Mice on a ketogenic diet have shown remarkable responses to a class of cancer drug, which has previously experienced largely underwhelming results in human clinical trials. The study published today in Nature shows how a combination of a ketogenic diet with a type of cancer drug called a PI3K inhibitor, strongly improves the effect of the drug in mouse models of cancer.
A well-described side-effect of PI3K inhibitors is high blood sugar and increased insulin levels. This side effect normally passes, but can be prolonged in patients with insulin resistance, such as those with diabetes. When this happens, the therapy is discontinued because insulin stimulates PI3K signalling in tumors and can cause cancer growth. This gave the researchers a clue that artificially modifying levels of insulin and glucose could affect the response to the drug.
“We knew from the early 1990s that PI3Ks were mediating insulin responses. The (PI3K inhibitor) drug was taking effect, but just for 30mins then insulin overrides it. When the insulin level is down, it is very effective,” said Lewis Cantley, leader of the research and Professor of Cancer Biology in Medicine at Cornell University.
Cantley and his team used mouse models of several different types of cancer to show that glucose and insulin can block the effects of PI3K inhibitors, possibly affecting their efficacy. Giving the mice a ketogenic diet to lower blood glucose, or treating with a drug called a SGLT2 inhibitor, which prevents reabsorption of glucose by the kidneys, made the drug much more effective in slowing cancer growth in the mice.
PI3Ks are a family of enzymes involved in regulating how a cell metabolizes glucose and are vital to control cell function. PI3K mutations affecting this process are found in a variety of cancers and are found in a high proportion of some common cancers, for example up to 40% of breast cancers and 50% of endometrial cancers. Two PI3K inhibitors are currently FDA-approved for use; Zydelig by Gilead Sciences and Bayer’s Aliqopa, both for certain types of blood cancer.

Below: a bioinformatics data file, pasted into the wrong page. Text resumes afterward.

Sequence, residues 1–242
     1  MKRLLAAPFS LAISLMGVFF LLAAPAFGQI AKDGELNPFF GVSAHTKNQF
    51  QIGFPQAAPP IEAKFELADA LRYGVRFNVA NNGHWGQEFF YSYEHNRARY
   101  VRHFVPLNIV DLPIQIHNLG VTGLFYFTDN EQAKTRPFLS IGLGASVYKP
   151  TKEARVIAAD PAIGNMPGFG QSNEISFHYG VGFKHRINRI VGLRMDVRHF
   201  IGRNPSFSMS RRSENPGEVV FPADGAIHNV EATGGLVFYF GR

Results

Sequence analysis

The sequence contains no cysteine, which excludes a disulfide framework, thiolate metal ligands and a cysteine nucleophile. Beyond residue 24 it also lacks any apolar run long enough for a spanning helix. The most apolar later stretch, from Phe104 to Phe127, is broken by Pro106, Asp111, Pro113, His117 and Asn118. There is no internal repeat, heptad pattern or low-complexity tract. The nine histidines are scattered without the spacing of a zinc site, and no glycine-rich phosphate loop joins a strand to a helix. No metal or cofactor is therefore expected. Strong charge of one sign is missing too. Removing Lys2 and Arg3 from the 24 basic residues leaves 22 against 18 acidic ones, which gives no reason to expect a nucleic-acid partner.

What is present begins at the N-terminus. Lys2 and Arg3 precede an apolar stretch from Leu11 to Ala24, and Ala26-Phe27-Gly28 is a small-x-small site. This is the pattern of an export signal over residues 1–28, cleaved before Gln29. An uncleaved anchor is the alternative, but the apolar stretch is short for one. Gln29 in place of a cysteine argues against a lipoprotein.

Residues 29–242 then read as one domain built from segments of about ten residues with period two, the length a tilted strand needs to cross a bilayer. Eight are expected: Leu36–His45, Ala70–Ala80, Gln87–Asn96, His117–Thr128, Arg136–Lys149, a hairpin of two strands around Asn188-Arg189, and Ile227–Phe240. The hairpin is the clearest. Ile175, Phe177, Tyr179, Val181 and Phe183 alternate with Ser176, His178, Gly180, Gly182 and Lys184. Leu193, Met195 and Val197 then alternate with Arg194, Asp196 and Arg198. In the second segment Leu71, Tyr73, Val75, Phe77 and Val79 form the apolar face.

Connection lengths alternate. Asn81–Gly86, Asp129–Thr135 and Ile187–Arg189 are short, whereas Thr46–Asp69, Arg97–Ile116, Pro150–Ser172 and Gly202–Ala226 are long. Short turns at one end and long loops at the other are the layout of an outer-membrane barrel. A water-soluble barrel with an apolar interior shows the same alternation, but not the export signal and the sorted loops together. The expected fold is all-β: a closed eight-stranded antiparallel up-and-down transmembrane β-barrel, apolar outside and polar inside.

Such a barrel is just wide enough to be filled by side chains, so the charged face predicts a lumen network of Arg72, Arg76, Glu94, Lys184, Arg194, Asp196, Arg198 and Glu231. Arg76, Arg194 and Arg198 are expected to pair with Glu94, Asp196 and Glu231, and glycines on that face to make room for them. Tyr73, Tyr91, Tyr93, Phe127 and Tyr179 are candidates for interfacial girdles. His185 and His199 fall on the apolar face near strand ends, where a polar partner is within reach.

Some PI3K inhibitors have, however, shown largely disappointing and irregular results, such as Roche’s Taselisib, which was mothballed last month after disappointing phase III trial results were presented at ASCO. There are, however, hundreds of ongoing clinical trials featuring multiple PI3K inhibitors for the treatment of a variety of cancers.
A ketogenic diet consists of lots of fats with adequate protein and low amounts of carbohydrates and the diet is not currently recommended for patients by any major cancer organization or medical board, with major cancer centres urging caution. It is also an unfortunate magnet for a lot of pseudoscientific claims, such as some entirely unsubstantiated statements saying the diet will be able to replace chemotherapy and radiotherapy. Some healthcare professionals are dismissive of the diet as having any potential role in cancer treatment, but with some cancer patients already adopting the diet, many are curious about the potential benefits, whilst also stressing that the diet is not going to treat cancer alone.
“This is a very interesting preclinical trial which goes further to explain why some metabolic drugs aren’t working as expected at the moment. There’s a lot of growing anecdotal evidence which is increasingly hard to ignore, but most of the research so far has been done on patients with very advanced cancer and aggressive tumors,” said Angela Martens, Registered Dietician and Clinical Lead of Nutrition Services at CancerCare Manitoba.
Despite the lack of formal scientific evidence, a handful of scientific studies and case reports show some benefit in some types of tumors, often in combination with other drugs, such as this small study on patients with glioblastoma when combined with anti-angiogenic drug bevacizumab, but notably showing it had no effect alone.
While the new research provides badly needed, robust scientific data showing a ketogenic diet in combination with PI3K inhibitors may be beneficial, it also showed no clear evidence to suggest that a ketogenic diet alone may be useful in treating cancer. In fact, the study showed that a ketogenic diet alone accelerated the progression of mice with acute myeloid leukemia.
“There is so much heterogeneity in clinical evidence, it’s hard to make any definitive conclusions. We need to look at it in a more systematic way. A ketogenic diet may be useful in a majority of cancers, but may also be harmful in some patients. We need to figure out who might potentially benefit and who won’t,” said Martens.
Further tests are required in human clinical trials before distinct conclusions can be made, but the new study is definitely worth thinking about for those who work with cancer patients on nutritional approaches.
“The potential positive influences this diet may have on cancer treatment justify the need for large human trials. As the findings from this article highlight, nutrition should be seen as a metabolic therapy (i.e targeting the metabolism of cancer cell and its treatment) rather than a dietary approach,” said Carla Prado, Registered Dietician and Associate Professor in Nutrition, Food and Health at the University of Alberta, who was not involved in the study.
Cantley and colleagues have designed a clinical trial with Bayer, which is pending ethical approval and which will test the combination of a ketogenic diet and Aliqopa in a small number of patients with lymphoma or endometrial cancer. He hopes to start recruiting patients within the next year.
“While a ketogenic diet is not yet ready for prime time yet, the findings of this article once again support the need for increased attention and investment on its role in cancer,” said Prado.